I’ve been trying to get these photos posted for the last couple of weeks! The first two at the top were taken by Steve Bradley.
You can see we had a really gorgeous ride this year. The fall colors were spectacular and as an added bonus we even got to ride through snow on a couple of the days.
This was a really special ride for me. This was the first time I’ve ridden Pro Bono every day on a 5 day pioneer ride! He’s done plenty of 2, 3, and even 4 days at various rides and was fantastic this summer on the long XP. Yet, till now he had not ever completed all 5 days by himself.
The ride was a great test this year, more for me than it was for the horse. The altitude in camp (over 8,000′) combined with the weather made for quite a challenge. It started out raining then turned to snow and sub freezing temperatures.
That caused things to not work. I can’t even begin to mention all of the things that stopped working. When things get wet first, then freeze that is REALLY hard on things – both mechanical and HUMAN.
Here are a few of the more important things that quit working (or tried to):
- Outdoor lights
- Door latches
- Clips and snaps on horse ropes, blankets, etc.
- Water – all outside plumbing and hoses frozen solid
- Generator ran out of gas (contributing to the furnace and lights not working)
- Awning broke
I managed to get through it. The first day after the hard freeze I couldn’t get my tack room door open. I poured warm water over the latch. I learned to bring my horse’s water and mash inside at night — which worked great till the furnace gave it up, though it still stayed a balmy 34 degrees inside the trailer which was much better than the 12 degrees outside!
On the plus side, at least my shower was still working – I had hot water and a water pump. I could also boil water on the stove, so could make hot stuff to drink.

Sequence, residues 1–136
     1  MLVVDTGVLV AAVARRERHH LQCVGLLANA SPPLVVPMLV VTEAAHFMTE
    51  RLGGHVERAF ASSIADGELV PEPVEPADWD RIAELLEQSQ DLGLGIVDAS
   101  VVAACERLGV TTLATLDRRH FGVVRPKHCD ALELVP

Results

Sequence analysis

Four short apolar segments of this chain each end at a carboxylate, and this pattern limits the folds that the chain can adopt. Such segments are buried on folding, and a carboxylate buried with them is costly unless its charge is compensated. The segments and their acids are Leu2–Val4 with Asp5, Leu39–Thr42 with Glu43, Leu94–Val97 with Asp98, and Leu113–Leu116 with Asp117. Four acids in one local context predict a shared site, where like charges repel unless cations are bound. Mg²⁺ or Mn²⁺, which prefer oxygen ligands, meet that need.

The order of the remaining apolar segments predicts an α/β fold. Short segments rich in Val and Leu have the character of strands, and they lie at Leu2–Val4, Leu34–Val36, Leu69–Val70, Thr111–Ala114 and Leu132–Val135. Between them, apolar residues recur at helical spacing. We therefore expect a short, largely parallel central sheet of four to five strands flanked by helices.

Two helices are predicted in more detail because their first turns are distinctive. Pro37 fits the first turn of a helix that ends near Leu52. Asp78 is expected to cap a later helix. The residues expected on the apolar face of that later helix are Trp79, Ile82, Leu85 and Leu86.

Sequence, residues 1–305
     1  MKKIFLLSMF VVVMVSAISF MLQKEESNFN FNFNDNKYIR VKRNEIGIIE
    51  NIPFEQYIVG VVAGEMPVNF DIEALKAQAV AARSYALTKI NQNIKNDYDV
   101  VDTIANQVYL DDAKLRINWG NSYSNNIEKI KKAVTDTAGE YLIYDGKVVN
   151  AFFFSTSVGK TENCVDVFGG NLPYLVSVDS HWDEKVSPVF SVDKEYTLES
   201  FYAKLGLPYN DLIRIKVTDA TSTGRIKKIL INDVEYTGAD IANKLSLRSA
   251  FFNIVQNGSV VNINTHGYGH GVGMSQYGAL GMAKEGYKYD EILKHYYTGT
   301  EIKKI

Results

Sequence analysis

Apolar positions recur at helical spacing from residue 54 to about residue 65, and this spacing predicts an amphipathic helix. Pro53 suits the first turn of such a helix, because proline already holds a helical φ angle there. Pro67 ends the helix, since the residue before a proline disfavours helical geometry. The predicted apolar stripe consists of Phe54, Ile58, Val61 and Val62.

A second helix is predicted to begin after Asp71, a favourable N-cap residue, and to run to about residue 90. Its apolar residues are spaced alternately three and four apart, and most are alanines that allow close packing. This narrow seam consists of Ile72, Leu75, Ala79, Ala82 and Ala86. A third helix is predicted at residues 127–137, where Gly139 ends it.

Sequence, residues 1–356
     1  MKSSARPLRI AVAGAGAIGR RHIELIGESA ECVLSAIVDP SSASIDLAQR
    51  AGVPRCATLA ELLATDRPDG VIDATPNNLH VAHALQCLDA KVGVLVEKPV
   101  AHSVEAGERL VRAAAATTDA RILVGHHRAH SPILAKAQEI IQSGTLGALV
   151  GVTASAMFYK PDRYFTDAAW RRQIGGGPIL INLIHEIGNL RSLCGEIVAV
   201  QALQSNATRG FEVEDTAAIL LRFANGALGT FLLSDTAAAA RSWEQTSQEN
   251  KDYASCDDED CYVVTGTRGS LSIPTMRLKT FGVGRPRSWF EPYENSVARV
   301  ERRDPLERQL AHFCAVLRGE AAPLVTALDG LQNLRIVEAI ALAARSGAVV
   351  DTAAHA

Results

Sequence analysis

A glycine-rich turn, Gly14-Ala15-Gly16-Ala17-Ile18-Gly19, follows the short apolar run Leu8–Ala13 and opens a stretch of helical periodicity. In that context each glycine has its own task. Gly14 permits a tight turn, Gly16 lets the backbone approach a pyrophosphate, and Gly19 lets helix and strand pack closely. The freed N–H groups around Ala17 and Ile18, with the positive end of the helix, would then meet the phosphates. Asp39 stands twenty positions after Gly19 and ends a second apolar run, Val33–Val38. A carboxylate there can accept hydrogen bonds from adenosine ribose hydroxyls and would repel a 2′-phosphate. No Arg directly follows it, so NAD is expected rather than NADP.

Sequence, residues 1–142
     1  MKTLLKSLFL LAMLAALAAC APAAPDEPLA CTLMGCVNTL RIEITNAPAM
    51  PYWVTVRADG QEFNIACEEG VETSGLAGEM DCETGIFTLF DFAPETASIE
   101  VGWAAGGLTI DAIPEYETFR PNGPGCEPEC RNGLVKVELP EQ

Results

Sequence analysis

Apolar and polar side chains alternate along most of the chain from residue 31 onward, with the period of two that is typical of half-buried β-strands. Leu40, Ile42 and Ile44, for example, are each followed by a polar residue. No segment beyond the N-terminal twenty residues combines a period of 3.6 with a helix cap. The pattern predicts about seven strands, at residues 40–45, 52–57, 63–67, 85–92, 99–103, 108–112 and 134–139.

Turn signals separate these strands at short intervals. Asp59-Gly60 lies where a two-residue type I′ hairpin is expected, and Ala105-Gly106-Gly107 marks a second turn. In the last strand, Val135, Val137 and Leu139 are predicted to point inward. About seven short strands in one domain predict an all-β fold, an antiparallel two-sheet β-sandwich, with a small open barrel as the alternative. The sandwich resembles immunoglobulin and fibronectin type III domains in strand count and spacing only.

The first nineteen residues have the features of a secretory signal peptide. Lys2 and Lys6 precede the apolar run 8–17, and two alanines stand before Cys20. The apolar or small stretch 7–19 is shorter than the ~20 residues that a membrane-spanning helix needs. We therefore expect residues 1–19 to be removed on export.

Many of us at the ride were experiencing the same problems. I’m going to be writing an article for Trail Blazer on how to manage yourself and your horse (and everything involved with that) and share some of the things I did, learned or had already been prepared for in order to help get through a week of riding 250 miles and camping in extreme conditions.
Bo was such a trooper. I am becoming so very impressed with this horse. He has come along so well in the last year. He never gave me a single thing to worry about all week long, either in camp or on the trail. He ate and drank well both in camp and during the ride each day. He moved around enough on his high-line every night that he never got stiff and was fairly neat keeping his manure spread out far away from where he’d step into it. That was important since it was frozen solid and no chance of moving it till things thawed out!
The best part I think was that Bo just went down the trail every day with a smile on his face! Me too, what a joy to be able to ride 5 days in a row on a horse that takes care of you. It was such a relief after what happened to me just getting to the ride.